½ June 25, 2012
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Super Reviewer
May 30, 2012
A pop 60's aesthetic, a cool like Steve McQueen, a powder blue seersucker suit and an indescribable plot miraculously combine in this B-movie chic from Japan about a mob guy (the Yakusa, baby!) trying to go straight. As another made guy famously said: "... every time I try to get out they drag me back in!"
May 21, 2012
The story doesn't always make total sense, but the visuals and the attitude more than make up for it. For fans of pure Japanese cinema, this is unmissable.
April 7, 2012
Seijun Suzuki's "Tokyo Drifter" is a very silly but important B-Movie. It encompasses the 1960s Japanese New Wave into one film. It's visual and auditory mischief can certainly be amusing (and often copied, most notably by Quentin Tarantino with "Kill Bill: Volume 1") but it also adds up to next to nothing. It's hard to fully embrace a film that makes so little sense. There is nothing to plug into emotionally or narratively. The film may be fun and it's use of color is dazzling, but without any human anchor (which Tarantino certainly added to his pictures) we are left will all style and very little substance.
½ March 22, 2012
The first Suzuki movie I saw and still the greatest of his works. Colorful, abstract set designs, bizarre editing structure, and insane coolness. But a lot of that was because of the lack of money given to him for the budget. Yes, those editing techniques were no a stylistic choice, but because they didn't have enough money to shoot the connecting shots! And yet it somehow works in the Godardian jump-cut world. Obviously, the movie was too weird for studio heads, and Suzuki was not able to work on the sequel To see the radical cinema of Japan in the 1960's, Tokyo Drifter is not an example film. It stands completely on its own, apart from the rest.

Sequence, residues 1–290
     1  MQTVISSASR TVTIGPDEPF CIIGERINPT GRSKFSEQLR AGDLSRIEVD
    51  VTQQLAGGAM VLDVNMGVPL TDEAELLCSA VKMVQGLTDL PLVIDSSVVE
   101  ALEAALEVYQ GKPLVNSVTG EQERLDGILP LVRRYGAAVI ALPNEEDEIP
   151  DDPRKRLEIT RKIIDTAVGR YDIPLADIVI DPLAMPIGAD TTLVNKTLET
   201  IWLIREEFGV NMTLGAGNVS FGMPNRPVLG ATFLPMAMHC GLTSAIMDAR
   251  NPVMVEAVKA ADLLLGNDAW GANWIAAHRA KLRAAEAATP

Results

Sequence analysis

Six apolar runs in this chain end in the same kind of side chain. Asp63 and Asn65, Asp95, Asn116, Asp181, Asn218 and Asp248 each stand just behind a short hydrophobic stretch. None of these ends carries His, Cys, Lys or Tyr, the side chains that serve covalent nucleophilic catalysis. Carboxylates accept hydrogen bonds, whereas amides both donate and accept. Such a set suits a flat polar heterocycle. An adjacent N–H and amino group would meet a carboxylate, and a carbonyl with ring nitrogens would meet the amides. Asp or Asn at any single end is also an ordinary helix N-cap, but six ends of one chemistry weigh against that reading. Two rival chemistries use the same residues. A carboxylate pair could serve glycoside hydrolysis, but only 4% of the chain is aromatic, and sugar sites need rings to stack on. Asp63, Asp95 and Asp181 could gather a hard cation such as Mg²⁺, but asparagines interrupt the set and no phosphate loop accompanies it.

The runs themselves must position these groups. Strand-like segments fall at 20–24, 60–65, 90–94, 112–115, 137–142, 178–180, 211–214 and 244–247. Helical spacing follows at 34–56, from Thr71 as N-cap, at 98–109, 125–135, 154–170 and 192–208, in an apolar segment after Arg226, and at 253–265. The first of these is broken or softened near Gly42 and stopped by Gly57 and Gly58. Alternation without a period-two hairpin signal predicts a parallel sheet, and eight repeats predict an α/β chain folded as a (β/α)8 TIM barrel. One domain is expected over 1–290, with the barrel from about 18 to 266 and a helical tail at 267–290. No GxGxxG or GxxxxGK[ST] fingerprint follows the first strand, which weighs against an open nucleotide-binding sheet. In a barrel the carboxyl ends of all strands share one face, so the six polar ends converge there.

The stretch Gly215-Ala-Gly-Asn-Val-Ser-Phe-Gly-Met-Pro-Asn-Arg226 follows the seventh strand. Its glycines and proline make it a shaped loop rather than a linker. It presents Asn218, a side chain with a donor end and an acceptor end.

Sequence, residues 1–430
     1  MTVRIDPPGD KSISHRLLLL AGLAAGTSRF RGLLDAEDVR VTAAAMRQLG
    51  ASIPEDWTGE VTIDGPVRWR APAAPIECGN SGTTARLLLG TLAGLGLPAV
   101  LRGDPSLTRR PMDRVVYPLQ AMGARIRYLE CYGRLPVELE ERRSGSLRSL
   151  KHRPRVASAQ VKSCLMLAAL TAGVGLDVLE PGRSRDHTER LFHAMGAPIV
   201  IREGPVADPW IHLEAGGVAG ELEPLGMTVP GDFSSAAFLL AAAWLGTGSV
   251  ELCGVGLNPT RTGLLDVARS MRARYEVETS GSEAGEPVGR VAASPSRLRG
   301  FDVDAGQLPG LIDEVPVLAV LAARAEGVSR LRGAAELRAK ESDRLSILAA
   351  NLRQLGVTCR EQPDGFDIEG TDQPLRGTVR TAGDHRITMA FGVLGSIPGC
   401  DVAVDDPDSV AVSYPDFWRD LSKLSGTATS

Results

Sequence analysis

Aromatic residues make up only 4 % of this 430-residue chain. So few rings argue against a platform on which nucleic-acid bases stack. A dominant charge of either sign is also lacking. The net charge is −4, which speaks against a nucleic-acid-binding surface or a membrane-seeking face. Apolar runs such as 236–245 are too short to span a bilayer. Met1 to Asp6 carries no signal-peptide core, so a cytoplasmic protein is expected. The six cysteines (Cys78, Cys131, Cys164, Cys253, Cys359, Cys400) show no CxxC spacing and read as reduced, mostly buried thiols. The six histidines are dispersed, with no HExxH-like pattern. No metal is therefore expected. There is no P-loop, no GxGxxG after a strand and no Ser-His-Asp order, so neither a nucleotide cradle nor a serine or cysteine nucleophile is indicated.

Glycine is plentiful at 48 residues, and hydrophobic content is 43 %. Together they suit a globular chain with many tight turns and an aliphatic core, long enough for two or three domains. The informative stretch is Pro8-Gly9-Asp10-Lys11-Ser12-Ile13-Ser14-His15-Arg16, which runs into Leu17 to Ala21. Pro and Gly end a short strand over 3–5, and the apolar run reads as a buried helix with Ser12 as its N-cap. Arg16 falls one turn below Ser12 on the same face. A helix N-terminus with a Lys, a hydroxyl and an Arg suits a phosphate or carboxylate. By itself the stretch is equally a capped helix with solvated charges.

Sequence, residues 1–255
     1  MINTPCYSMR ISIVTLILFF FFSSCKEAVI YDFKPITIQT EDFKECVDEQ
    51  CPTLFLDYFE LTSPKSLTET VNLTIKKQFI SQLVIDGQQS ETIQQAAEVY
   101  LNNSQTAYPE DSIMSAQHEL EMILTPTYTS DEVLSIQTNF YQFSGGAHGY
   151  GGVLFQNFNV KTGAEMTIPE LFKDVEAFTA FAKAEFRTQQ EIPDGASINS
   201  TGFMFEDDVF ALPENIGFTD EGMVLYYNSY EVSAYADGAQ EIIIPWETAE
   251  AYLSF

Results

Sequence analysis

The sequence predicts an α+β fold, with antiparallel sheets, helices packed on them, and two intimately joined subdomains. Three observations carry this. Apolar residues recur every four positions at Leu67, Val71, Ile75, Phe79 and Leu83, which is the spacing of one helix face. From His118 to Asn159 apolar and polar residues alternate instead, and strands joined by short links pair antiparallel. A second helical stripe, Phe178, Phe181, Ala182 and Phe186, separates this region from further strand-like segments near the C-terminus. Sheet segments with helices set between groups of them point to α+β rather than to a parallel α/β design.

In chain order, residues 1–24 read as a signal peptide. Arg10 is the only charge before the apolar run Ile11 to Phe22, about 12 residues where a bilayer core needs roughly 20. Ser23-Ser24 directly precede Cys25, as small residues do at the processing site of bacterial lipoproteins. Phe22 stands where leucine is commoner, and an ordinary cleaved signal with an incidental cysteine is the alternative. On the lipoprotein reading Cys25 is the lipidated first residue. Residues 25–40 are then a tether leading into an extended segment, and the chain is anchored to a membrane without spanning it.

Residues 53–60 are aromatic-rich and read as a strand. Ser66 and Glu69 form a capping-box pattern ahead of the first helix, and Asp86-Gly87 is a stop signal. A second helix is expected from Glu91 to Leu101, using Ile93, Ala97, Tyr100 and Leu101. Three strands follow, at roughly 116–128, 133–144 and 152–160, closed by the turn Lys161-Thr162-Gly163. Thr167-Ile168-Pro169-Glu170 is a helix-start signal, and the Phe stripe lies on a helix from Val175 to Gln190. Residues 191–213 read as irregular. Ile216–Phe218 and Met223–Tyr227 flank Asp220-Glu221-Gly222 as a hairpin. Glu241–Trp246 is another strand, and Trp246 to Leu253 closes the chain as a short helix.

March 21, 2012
Very cool style, but it was hard to stay interested in the characters. Still, a skillful filmmaker who is interested in imagery.
March 20, 2012
I wasn't a fan of the plot, but it has to be one of the most visually beautiful films i've ever seen.
March 12, 2012
For hardcore fans of the genre only. The story is shit, the script is bad, the editing is a mess. Visually it's pretty awesome, especially the final shoot out, but overall this a turkey. A better introduction to 60's Japanese gangster films would be 'Pleasures of the Flesh'.
March 10, 2012
I have no clue of what this movie is about but it looks really cool.